Fantasy Baseball Cheat Sheet: Third Basemen Rankings 2019

Jose Ramirez is a top-tier pick

As the MLB season approaches, it's time for fantasy baseball players to prepare for their draft. Here's a look at the best third basemen for your fantasy baseball team, along with tiers to help you prioritize during your draft.

 

TIER 1

 

1. ALEX BREGMAN, ASTROS
Lou Gehrig is the only other player who’s ever had a 30-homer/50-double/90-walk/10-steal season. Albert Pujols in his prime is another name he conjures. AJ Hinch says he’s never been around anyone who loves baseball as much as Alex, and you won’t have a player on your roster you love more.

 

2. JOSE RAMIREZ, INDIANS
In 2018, Ramirez joined Howard Johnson as the only third basemen in history to have a season with minimums of a .270 AVG, 35 HRs, 100 Rs, 100 RBIs and 30 SBs. Jose did all that despite batting .165 with 2 HRs in his last 38 games. Heads up for a move to second if the Indians send Jason Kipnis to the outfield, the bench or another team. 

 

3. NOLAN ARENADO, ROCKIES
He’ll be the hottest commodity on the midsummer trade market if the Rox fall out of contention, which is noteworthy because his career OPS away from Coors is almost 200 points lower. Nobody has delivered the .297-40-126-104-2 average season he has since 2015. 

 

TIER 2

 

4. ANTHONY RENDON, NATIONALS
Rendon has finally fulfilled his promise, splicing nearly identical, splendid campaigns back-to-back. He’s a .300 hitter whose HR-RBI-R segment of his fantasy account wafts just barely below the elites. He’s a ticking time bomb ready to go off for that one precedent-busting year he’s yet to marshal. 

 

5. KRIS BRYANT, CUBS
He grappled with a sore shoulder throughout 2018 that ravaged his stats, but Bryant eschewed offseason surgery. His tumble out of Tier 1 stems from the possibility we haven’t heard the last of that condition. Unencumbered, his .288-31-91-106-9 mean of the three prior seasons is credibly repeatable.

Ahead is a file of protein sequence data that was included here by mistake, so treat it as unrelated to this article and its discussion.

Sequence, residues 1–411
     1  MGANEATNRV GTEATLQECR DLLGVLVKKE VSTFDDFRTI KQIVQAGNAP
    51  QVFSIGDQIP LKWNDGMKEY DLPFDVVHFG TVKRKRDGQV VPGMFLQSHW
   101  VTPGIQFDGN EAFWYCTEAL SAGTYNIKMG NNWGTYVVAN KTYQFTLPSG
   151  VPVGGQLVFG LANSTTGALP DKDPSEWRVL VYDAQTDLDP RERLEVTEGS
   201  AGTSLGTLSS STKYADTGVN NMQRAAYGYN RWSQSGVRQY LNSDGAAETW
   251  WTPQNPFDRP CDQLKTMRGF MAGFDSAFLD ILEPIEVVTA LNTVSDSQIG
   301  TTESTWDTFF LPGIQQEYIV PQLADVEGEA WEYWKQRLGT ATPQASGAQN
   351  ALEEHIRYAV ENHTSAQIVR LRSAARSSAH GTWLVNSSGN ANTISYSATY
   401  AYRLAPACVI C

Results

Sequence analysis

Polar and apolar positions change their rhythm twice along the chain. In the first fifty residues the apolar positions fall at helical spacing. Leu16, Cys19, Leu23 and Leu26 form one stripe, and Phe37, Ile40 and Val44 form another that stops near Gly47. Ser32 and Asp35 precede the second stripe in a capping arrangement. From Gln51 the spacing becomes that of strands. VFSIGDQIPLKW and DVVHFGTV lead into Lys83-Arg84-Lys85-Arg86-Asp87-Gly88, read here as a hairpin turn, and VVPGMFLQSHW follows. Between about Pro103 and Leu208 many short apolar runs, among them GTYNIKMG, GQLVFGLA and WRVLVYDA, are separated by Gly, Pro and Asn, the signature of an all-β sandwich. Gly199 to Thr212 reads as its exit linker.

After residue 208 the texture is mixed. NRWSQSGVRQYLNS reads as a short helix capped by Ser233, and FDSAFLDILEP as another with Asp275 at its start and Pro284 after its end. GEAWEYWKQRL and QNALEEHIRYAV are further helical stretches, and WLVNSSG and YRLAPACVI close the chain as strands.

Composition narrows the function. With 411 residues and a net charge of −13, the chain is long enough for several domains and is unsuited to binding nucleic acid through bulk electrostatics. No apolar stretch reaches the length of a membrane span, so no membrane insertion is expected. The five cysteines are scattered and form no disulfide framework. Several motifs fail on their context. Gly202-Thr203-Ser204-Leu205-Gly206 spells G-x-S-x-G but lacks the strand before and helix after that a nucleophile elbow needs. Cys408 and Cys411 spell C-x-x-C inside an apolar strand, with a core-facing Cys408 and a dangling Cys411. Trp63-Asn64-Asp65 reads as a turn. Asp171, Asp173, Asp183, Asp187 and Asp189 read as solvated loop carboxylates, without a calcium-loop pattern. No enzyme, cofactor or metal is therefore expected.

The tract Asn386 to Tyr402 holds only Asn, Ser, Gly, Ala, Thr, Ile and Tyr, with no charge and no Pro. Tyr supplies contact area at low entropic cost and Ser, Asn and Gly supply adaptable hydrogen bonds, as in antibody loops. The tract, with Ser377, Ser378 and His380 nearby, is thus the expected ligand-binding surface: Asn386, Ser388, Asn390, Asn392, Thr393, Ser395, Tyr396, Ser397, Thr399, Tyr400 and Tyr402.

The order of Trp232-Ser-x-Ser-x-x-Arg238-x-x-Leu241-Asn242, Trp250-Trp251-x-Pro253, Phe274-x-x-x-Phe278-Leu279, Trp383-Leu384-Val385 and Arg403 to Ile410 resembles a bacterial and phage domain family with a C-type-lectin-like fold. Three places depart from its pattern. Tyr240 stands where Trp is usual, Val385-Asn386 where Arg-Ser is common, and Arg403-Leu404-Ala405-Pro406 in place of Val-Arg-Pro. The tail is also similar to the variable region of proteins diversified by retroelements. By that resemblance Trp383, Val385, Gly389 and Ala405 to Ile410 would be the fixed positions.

6. WIL MYERS, PADRES
In his two complete seasons, Myers has gone 28/28 and 30/20 (HRs/SBs), but a dedication plaque with his name on it has been placed at the entrance to San Diego’s training room. His run/RBI yields are solid, but nothing exceptional.


7. EUGENIO SUAREZ, REDS
Eugenio’s insistent march of improvement persists. His triple crown stats (.283-34-104) were replicated by only the much-more heralded sextet of J.D. Martinez, Christian Yelich, Manny Machado, Trevor Story, Javier Baez and Arenado. (An aside: Suarez and Martinez used to be Tigers, for whom they received Alfredo Simon, Dawel Lugo and two nondescript minor leaguers.)

 

8. MIGUEL ANDUJAR, YANKEES
Andujar was plenty good as a rookie, but having drawn only 25 walks, is he in danger of being exposed? Maybe not. All of his strikeout metrics were right around league average, and he made contact on 91.8% of his swings at pitches in the zone. Note that his more nuanced ratings would be C+, B-, A-, C+, D+.

 

9. MATT CARPENTER, CARDINALS
His protracted streaks wreak havoc in weekly leagues, but he’s consistent per annum. Batting at the top of the order makes for inharmonious high-HR/low-RBI relationships. With Matt’s come-out-of-his-shoes, pull approach now fully evolved, the needle isn’t moving on a blah AVG emasculated by a net loss of 23 hits to shifts — this despite going 8-for-8 when he bunted.

 

10. MATT CHAPMAN, A’S
Given his 24 HRs, 100 runs and .278 AVG, Chapman’s RBIs lagged at 68. A possible explanation: He batted with runners in scoring position 23% fewer times than the average player. Taking into account that qualifier and his post-All-Star American League extra-base hit leadership, we envision more strides in 2019.


11. JOSH DONALDSON, BRAVES